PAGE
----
In Eastern Slovakia new born babies are hooked up to headphones for music therapy to counter the trauma of birth. Now, their Polish neighbours are taking things one step further. A group of radio enthusiasts has launched a new station to cater to the needs of the youngest radio audience - babies, toddlers and small children.
With scandals over expense accounts it’s no wonder the EU is thinking about image. In an effort to make the EU feel more of a community the European Commission has launched a new website and radio programme. It’s hoped they’ll reach a youthful audience and provide everything one should know about Europe - from news to culture, and the important work the EU’s doing. European Commisioner Margot Wallström launched “Euranet” this week.
Supermodel-turned-French-first-lady Carla Bruni-Sarkozy tried to put the brakes on her husband's dramatic slide in the opinion polls this week by, perhaps a little sarcastically, apologizing for their happiness. Since he went public with their relationship in December, two months after divorcing his second wife, President Sarkozy's popularity rating has plummeted. Two weeks ago President Sarkozy filed a criminal complaint against the weekly Nouvel Observateur for publishing a text message. The paper claimed he sent the message to his ex-wife a week before his wedding to Carla Bruni offering to call it off if she came back to him! Whatever actually happened it seems that the rather cosey relationship between the government and the French media is being challenged.
The average Pole spends three and a half hours a day in front of the TV. Nearly half of that time is devoted to watching soap operas. People watch these series because they can identify something of themselves in them. And some Polish sociologists say that they can be good for establishing family roles.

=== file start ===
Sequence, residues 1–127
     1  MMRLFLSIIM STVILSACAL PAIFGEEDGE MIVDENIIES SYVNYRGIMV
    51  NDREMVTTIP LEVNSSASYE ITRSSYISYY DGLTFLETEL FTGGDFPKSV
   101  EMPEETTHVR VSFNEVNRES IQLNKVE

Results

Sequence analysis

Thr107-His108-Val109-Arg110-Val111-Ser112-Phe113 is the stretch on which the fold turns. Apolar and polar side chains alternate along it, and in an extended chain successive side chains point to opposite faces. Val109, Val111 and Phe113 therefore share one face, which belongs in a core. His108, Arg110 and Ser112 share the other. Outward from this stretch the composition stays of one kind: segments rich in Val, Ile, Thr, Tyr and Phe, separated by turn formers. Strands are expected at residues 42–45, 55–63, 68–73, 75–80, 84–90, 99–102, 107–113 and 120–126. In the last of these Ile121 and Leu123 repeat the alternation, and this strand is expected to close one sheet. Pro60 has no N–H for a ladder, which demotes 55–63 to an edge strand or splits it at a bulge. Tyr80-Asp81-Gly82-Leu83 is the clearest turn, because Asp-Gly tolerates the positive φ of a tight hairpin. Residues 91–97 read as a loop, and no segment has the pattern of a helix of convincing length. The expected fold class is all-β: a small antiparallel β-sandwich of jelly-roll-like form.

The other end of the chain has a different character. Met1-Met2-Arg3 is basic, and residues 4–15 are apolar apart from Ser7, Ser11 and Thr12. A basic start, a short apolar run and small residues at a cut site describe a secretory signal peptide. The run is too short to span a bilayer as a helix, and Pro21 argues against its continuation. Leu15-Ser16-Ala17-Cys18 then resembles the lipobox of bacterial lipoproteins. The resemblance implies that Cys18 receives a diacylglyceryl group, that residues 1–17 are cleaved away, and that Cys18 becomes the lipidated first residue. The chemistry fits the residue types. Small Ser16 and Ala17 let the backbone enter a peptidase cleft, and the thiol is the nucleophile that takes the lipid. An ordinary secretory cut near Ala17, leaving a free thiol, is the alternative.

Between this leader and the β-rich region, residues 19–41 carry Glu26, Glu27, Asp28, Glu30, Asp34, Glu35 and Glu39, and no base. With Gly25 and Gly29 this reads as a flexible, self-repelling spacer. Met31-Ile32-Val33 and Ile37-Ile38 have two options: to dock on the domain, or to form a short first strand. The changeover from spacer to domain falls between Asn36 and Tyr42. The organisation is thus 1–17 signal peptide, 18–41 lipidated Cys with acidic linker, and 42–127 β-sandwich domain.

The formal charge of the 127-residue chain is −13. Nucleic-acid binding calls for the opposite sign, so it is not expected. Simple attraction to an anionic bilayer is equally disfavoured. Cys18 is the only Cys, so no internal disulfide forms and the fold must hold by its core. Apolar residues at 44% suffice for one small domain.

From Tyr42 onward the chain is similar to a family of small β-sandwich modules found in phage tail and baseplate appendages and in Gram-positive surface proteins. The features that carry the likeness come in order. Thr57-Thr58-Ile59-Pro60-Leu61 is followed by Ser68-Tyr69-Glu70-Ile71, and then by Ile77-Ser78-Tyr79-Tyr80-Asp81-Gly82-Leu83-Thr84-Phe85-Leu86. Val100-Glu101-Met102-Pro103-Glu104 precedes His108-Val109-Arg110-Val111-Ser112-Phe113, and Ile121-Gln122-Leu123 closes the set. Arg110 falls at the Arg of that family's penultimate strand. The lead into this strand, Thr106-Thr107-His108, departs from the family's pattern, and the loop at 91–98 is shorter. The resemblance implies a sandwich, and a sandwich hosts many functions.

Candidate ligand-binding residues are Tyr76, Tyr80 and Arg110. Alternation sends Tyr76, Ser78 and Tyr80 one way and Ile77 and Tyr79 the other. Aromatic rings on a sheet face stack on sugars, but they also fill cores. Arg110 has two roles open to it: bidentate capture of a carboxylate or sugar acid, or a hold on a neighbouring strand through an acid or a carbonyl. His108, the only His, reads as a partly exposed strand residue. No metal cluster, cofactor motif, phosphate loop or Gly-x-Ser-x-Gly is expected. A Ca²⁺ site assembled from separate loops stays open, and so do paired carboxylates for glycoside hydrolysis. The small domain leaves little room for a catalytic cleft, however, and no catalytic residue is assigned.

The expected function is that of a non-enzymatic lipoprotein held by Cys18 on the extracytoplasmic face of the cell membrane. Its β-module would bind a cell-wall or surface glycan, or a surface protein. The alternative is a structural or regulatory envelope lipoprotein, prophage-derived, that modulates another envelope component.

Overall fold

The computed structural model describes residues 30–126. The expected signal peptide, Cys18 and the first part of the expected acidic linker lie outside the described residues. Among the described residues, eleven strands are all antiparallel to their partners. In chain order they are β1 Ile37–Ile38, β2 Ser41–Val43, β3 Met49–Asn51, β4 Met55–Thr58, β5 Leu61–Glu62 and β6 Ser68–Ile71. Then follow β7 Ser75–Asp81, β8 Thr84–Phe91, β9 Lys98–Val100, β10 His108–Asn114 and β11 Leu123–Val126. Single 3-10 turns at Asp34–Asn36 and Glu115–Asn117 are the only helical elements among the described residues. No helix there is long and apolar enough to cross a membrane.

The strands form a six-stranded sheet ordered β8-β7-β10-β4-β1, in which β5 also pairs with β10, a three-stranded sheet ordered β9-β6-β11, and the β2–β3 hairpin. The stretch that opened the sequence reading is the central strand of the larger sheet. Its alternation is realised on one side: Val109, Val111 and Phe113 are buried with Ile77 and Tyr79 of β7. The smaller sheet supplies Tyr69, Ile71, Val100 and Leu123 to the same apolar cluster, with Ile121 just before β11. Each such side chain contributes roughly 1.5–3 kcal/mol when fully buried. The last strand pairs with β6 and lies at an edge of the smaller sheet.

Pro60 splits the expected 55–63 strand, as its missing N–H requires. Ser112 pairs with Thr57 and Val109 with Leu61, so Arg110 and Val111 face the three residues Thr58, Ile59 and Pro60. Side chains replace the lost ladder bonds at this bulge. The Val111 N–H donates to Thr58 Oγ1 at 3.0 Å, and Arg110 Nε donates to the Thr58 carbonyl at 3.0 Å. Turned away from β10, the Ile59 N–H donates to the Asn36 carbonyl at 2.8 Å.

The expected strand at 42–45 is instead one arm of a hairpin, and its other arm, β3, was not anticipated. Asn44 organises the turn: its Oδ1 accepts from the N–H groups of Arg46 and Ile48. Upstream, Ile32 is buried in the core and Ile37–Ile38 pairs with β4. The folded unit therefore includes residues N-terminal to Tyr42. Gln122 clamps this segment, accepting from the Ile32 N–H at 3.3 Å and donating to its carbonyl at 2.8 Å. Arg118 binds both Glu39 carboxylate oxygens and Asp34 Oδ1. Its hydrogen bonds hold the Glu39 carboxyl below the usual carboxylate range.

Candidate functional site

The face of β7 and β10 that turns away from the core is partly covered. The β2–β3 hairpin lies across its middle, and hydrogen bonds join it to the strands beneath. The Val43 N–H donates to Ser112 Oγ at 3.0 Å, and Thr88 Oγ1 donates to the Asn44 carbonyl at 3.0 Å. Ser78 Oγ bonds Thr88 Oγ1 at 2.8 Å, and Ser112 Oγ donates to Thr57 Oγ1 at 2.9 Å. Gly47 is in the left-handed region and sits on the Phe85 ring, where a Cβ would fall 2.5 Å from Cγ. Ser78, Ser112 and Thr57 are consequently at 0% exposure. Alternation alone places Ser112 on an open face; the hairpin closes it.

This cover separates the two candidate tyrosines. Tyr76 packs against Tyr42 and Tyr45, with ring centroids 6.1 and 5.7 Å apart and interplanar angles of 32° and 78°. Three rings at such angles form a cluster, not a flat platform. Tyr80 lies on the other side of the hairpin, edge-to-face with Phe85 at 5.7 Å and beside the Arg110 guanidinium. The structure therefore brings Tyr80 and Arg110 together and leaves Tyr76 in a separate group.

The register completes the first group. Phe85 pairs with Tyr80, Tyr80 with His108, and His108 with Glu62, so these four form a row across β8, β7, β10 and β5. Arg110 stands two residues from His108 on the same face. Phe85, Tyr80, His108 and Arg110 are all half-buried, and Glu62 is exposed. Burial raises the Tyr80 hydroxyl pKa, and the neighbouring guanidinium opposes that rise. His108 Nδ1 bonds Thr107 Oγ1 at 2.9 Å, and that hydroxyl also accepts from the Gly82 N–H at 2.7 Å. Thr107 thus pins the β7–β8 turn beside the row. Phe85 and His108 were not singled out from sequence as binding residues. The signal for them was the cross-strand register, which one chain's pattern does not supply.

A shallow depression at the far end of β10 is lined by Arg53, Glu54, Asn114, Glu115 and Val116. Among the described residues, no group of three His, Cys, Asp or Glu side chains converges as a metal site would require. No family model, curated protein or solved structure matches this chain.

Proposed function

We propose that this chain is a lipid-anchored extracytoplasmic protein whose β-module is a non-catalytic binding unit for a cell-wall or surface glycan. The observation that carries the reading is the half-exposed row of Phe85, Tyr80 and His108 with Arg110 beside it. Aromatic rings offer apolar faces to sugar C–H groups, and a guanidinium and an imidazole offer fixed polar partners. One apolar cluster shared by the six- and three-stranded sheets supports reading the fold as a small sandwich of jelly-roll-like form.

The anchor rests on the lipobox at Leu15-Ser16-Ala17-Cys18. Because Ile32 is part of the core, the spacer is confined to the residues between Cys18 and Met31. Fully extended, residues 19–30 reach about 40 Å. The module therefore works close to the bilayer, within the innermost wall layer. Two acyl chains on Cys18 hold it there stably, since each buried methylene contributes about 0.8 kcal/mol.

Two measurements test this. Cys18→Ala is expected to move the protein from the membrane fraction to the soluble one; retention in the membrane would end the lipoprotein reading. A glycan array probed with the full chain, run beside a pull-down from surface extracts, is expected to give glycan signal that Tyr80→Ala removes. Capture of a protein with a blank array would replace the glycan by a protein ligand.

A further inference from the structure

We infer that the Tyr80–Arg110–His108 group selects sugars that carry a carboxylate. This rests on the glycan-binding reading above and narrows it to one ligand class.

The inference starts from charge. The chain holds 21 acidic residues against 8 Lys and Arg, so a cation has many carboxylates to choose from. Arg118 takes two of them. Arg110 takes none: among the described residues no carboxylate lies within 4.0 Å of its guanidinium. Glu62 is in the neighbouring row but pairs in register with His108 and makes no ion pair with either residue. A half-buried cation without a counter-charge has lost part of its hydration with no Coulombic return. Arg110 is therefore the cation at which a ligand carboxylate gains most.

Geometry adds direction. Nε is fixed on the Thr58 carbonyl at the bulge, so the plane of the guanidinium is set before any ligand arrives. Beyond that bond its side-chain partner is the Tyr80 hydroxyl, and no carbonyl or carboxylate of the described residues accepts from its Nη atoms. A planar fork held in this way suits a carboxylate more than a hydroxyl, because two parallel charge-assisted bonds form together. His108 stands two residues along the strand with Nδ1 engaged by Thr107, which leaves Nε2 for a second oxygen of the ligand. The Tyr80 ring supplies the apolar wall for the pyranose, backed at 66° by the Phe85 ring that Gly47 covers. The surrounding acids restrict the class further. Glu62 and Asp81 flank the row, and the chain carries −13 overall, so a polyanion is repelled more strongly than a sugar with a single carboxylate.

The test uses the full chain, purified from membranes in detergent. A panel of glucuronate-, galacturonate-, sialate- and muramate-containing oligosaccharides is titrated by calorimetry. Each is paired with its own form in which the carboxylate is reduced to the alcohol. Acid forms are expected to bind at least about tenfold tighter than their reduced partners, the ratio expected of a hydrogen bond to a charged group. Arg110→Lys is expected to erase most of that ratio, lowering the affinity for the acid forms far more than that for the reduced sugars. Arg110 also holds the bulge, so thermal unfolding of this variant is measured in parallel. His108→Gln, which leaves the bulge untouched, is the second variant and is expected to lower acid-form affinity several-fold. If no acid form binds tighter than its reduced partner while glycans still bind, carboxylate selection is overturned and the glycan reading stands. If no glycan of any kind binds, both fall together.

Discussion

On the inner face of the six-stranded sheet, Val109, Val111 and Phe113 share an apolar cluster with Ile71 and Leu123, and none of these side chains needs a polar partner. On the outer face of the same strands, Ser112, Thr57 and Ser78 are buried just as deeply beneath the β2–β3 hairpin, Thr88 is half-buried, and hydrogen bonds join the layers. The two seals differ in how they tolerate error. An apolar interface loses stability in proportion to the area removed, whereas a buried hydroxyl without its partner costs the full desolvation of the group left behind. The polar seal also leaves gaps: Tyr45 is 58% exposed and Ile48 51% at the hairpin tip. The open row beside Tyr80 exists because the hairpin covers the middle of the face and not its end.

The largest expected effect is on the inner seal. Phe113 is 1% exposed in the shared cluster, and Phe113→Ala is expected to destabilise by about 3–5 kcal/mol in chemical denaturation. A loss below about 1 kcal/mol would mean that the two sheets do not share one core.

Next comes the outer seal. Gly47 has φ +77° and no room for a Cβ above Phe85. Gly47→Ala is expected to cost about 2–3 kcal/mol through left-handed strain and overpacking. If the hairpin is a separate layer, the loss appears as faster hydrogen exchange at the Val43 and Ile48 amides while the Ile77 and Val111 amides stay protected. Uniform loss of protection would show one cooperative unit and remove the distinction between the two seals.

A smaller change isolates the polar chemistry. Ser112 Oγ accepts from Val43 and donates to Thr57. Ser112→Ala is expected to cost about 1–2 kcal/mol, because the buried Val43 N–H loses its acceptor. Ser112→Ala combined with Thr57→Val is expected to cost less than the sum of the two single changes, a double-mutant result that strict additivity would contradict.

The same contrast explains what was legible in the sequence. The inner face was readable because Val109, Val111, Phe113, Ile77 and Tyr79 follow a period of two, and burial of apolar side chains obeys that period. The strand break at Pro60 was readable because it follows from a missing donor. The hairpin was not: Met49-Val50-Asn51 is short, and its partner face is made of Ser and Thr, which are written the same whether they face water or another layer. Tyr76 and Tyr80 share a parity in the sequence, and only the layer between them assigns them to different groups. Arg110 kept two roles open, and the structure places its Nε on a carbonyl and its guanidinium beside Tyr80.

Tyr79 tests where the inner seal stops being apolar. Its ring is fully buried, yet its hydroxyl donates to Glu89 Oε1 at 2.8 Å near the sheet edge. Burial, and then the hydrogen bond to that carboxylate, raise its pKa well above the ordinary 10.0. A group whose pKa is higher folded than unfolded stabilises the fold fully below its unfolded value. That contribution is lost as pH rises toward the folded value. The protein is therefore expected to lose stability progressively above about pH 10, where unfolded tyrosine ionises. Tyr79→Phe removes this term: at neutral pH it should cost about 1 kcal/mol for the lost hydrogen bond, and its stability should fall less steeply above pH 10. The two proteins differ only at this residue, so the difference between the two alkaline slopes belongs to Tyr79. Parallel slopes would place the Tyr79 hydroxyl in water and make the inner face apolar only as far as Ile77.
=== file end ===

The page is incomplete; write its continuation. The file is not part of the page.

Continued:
Diana, Princess of Wales commenting on the insatiable appetite of the media in her public and private life. 2007 marked 10 years since that fatal car crash in Paris. And even a decade after her death, the interest in the People's Princess has not diminished. Phil Hall who was editor of "News of the World" at the time, admitted this August that the media had some responsibility for Diana's death. He said that , "If the paparazzi hadn't been following her, the car wouldn't have been speeding and the accident may never have happened. " As Radio Netherland's Richard Walker reports, Diana was a dream come true for Britain's tabloid press.
It's now 10 years since Diana's death in a high speed car crash in Paris, which also claimed the lives of Dodi Al Fayed and the driver Henry Paul. What role did the Paris paparazzi and indeed the media play in the accident? This question has been much debated over the past decade. This week Phil Hall, the then editor of "News of the World" admitted the media had some responsibility for her death. He said "if the paparazzi hadn't been following her, the car wouldn't have been speeding and, the accident may never have happened. A big Diana story could add 150,000 sales. So we were all responsible". Ten years after Diana's death the media interest in the People's Princess has not diminished.
Diana was of course a dream come true for the tabloid press in Britain. More so than anyone else in the British royal family, the life of Diana generated endless public interest. Sweden also has a monarchy, but it's quite a different story there. The Swedish royal family is not the scandal ridden House of Windsor and the Swedish media has a very different relationship with its royals.